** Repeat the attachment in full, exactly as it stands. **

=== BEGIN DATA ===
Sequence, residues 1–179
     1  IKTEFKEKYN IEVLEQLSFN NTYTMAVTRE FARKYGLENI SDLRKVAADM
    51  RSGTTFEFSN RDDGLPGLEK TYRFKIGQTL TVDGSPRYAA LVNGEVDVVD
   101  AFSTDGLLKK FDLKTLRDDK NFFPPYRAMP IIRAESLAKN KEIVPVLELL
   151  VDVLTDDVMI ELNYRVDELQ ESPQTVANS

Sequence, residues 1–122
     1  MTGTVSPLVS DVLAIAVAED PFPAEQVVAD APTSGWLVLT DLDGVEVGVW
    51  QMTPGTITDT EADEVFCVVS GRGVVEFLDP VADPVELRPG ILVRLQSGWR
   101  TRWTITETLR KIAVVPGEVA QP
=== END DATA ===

Sequence, residues 1–179
     1  IKTEFKEKYN IEVLEQLSFN NTYTMAVTRE FARKYGLENI SDLRKVAADM
    51  RSGTTFEFSN RDDGLPGLEK TYRFKIGQTL TVDGSPRYAA LVNGEVDVVD
   101  AFSTDGLLKK FDLKTLRDDK NFFPPYRAMP IIRAESLAKN KEIVPVLELL
   151  VDVLTDDVMI ELNYRVDELQ ESPQTVANS

Sequence, residues 1–122
     1  MTGTVSPLVS DVLAIAVAED PFPAEQVVAD APTSGWLVLT DLDGVEVGVW
    51  QMTPGTITDT EADEVFCVVS GRGVVEFLDP VADPVELRPG ILVRLQSGWR
   101  TRWTITETLR KIAVVPGEVA QP